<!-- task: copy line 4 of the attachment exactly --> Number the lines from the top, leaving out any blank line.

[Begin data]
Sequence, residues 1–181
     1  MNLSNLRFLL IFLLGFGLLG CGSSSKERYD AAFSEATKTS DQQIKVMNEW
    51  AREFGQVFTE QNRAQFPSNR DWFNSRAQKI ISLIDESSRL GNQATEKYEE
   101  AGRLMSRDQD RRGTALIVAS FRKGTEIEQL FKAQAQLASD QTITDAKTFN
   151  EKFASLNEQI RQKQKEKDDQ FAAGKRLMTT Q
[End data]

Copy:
   101  AGRLMSRDQD RRGTALIVAS FRKGTEIEQL FKAQAQLASD QTITDAKTFN